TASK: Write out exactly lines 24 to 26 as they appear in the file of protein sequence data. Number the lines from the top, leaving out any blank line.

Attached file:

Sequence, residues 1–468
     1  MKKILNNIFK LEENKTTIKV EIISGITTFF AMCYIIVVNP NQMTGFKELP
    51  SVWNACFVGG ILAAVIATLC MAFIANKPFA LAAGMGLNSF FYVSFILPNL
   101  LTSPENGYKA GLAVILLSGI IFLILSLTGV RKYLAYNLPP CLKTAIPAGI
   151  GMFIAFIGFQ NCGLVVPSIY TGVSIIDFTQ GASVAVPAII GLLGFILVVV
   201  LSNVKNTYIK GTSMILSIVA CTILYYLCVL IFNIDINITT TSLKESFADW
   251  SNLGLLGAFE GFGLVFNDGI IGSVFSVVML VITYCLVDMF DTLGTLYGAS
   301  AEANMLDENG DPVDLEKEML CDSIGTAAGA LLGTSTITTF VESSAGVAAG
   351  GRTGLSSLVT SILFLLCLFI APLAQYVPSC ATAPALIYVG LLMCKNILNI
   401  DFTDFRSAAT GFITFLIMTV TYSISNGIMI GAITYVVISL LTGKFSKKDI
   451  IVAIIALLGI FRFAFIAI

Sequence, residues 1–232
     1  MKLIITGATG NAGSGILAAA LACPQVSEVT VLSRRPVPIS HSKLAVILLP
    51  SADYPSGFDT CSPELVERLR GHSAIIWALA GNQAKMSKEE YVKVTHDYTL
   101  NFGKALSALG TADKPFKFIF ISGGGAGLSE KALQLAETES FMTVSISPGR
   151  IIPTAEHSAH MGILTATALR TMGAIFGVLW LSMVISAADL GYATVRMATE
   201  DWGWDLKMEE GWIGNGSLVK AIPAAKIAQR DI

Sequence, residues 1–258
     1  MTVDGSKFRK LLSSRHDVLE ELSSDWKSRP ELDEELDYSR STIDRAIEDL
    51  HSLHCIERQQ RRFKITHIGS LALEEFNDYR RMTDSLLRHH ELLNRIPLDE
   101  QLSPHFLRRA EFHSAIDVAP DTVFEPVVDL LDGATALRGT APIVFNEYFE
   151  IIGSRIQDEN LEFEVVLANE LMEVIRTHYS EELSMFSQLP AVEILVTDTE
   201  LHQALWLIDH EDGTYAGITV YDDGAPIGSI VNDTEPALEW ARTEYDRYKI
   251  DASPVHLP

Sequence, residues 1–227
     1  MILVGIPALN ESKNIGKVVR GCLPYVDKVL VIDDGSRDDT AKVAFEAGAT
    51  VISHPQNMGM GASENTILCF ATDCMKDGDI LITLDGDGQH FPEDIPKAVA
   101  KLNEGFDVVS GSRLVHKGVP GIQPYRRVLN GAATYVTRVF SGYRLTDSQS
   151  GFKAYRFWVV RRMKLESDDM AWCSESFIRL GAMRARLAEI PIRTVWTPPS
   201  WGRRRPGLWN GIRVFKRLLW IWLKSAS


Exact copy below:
   251  DASPVHLP

Sequence, residues 1–227
     1  MILVGIPALN ESKNIGKVVR GCLPYVDKVL VIDDGSRDDT AKVAFEAGAT